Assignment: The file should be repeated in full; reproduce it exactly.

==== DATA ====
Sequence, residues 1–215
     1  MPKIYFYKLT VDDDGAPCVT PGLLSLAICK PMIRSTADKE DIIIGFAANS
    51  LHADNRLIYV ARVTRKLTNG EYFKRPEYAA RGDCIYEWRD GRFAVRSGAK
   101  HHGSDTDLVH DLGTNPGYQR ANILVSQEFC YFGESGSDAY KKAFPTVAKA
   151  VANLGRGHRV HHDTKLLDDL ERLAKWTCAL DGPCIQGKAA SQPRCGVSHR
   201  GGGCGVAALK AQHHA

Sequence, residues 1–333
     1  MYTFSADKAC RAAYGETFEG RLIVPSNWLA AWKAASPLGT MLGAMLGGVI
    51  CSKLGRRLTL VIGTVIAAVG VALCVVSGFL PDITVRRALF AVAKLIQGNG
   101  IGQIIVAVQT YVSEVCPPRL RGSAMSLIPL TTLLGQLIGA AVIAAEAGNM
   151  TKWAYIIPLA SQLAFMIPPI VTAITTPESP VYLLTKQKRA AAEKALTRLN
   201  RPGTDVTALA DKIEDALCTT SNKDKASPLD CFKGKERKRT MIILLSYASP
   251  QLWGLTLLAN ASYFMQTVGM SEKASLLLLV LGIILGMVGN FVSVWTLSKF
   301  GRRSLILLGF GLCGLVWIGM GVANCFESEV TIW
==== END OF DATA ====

Sequence, residues 1–215
     1  MPKIYFYKLT VDDDGAPCVT PGLLSLAICK PMIRSTADKE DIIIGFAANS
    51  LHADNRLIYV ARVTRKLTNG EYFKRPEYAA RGDCIYEWRD GRFAVRSGAK
   101  HHGSDTDLVH DLGTNPGYQR ANILVSQEFC YFGESGSDAY KKAFPTVAKA
   151  VANLGRGHRV HHDTKLLDDL ERLAKWTCAL DGPCIQGKAA SQPRCGVSHR
   201  GGGCGVAALK AQHHA

Sequence, residues 1–333
     1  MYTFSADKAC RAAYGETFEG RLIVPSNWLA AWKAASPLGT MLGAMLGGVI
    51  CSKLGRRLTL VIGTVIAAVG VALCVVSGFL PDITVRRALF AVAKLIQGNG
   101  IGQIIVAVQT YVSEVCPPRL RGSAMSLIPL TTLLGQLIGA AVIAAEAGNM
   151  TKWAYIIPLA SQLAFMIPPI VTAITTPESP VYLLTKQKRA AAEKALTRLN
   201  RPGTDVTALA DKIEDALCTT SNKDKASPLD CFKGKERKRT MIILLSYASP
   251  QLWGLTLLAN ASYFMQTVGM SEKASLLLLV LGIILGMVGN FVSVWTLSKF
   301  GRRSLILLGF GLCGLVWIGM GVANCFESEV TIW